I have often come across reactions where kinetic and thermodynamic processes give completely different outputs. I was told that in such cases check temperature, if temperature controlled, then take thermodynamic product otherwise if reaction is very fast (not temperature controlled) then consider the kinetic product.

I was also told that if there is a case where you can't decide whether it is temperature controlled or speed controlled, then always take the thermodynamic product.

My question is: Why will thermodynamic processes have an upper hand in the latter case? CH2CHC(CH2)CH3 what MAJOR product does it produce on giving 1 equivalent HBr?

  • $\begingroup$ Can you give a specific example? $\endgroup$ – Chet Miller Nov 24 '15 at 0:14
  • $\begingroup$ An example from organic chemistry. $\endgroup$ – Qwerty Nov 24 '15 at 6:07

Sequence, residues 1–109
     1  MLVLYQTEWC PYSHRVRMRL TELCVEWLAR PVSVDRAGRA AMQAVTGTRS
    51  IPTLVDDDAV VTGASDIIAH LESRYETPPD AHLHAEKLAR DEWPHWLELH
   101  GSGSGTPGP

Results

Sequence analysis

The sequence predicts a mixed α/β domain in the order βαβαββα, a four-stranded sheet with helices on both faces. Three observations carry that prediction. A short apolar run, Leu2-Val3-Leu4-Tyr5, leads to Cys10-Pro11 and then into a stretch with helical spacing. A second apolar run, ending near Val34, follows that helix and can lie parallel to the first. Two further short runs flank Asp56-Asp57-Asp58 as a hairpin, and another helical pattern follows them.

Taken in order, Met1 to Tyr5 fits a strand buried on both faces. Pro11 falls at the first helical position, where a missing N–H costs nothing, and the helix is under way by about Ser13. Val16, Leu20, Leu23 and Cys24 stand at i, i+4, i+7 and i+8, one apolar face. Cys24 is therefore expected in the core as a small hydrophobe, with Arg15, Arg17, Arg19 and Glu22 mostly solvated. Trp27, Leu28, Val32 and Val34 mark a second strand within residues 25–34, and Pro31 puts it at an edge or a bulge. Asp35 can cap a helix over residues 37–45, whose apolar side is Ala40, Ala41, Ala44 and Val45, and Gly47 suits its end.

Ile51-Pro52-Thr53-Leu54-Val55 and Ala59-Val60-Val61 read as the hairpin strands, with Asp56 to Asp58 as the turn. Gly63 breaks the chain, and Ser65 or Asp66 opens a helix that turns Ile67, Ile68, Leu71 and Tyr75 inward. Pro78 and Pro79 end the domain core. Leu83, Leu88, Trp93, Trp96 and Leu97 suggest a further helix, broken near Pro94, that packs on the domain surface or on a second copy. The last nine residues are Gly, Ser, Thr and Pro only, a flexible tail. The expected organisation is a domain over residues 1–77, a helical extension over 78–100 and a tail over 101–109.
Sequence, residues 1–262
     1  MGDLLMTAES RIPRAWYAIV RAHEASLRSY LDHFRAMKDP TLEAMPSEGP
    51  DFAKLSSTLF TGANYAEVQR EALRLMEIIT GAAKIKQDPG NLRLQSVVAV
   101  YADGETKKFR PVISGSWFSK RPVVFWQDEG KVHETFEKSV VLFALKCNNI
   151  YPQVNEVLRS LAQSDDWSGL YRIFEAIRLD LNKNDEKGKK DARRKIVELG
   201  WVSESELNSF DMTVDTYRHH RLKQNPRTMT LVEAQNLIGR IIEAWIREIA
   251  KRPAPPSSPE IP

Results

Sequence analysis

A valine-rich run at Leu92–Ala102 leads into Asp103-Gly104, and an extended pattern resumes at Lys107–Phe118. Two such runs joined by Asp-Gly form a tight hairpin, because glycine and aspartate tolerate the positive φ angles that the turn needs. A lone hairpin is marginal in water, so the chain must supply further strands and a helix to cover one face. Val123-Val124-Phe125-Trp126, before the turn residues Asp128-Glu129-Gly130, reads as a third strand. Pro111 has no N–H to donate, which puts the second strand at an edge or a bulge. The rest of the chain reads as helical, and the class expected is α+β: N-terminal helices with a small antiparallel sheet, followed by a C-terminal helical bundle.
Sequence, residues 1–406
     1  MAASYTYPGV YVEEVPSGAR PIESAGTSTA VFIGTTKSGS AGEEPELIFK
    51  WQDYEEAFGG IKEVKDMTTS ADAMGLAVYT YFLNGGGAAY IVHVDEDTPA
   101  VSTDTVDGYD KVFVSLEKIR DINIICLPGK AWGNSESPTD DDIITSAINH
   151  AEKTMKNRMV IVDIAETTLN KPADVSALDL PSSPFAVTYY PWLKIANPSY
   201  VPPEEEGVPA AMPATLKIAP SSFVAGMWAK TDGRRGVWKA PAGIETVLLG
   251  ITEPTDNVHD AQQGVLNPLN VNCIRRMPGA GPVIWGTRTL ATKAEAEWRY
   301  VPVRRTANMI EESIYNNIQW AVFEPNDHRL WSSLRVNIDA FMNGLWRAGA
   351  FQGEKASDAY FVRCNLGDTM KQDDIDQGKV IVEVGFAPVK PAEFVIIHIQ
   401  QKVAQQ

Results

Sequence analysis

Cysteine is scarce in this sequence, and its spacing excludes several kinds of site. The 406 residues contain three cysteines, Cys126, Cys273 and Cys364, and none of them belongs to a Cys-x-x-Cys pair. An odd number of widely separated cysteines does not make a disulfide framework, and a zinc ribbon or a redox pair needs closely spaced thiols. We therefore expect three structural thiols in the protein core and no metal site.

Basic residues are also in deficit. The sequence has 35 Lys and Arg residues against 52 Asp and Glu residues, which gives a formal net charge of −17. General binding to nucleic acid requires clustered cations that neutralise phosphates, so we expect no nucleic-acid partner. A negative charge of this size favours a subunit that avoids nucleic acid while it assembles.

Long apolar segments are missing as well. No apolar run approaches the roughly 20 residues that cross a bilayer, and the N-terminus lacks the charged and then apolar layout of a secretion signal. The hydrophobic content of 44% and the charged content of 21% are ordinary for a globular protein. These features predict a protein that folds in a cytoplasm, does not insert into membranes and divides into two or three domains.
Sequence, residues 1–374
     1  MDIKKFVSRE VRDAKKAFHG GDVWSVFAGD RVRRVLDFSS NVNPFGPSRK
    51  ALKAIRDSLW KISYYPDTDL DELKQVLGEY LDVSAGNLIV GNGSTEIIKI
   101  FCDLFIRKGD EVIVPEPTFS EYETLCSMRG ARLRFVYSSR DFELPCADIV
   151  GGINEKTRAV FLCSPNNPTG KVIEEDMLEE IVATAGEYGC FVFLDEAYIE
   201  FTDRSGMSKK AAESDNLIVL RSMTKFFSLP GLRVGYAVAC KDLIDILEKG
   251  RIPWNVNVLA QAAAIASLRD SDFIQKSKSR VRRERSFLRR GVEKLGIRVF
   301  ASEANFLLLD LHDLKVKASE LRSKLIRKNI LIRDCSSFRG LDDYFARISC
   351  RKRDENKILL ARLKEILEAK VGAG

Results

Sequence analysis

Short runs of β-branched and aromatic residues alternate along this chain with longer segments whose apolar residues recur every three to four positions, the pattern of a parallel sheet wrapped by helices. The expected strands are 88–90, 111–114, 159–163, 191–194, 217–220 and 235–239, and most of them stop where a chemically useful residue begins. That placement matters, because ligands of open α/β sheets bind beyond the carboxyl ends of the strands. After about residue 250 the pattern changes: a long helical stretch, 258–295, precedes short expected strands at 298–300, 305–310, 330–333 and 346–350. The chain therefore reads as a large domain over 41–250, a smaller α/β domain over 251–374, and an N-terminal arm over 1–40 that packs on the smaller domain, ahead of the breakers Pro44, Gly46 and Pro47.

• $\begingroup$ I edited the question. $\endgroup$ – Qwerty Nov 24 '15 at 6:10
  • $\begingroup$ I'm having trouble understanding what you are asking. Is it something like: what is the difference between solving a problem using the equilibrium constant and using the reaction kinetics equations? $\endgroup$ – Chet Miller Nov 24 '15 at 12:33
  • $\begingroup$ Not quite. Look at the example that I gave. If we assume CH2CHC(CH2)CH3 to follow temperature controlled reaction when provided with 1 equivalent of HBr, the product it gives (I think) will be different from the one if we assume the reaction to be very fast and not quite affected by temperature. $\endgroup$ – Qwerty Nov 24 '15 at 13:08

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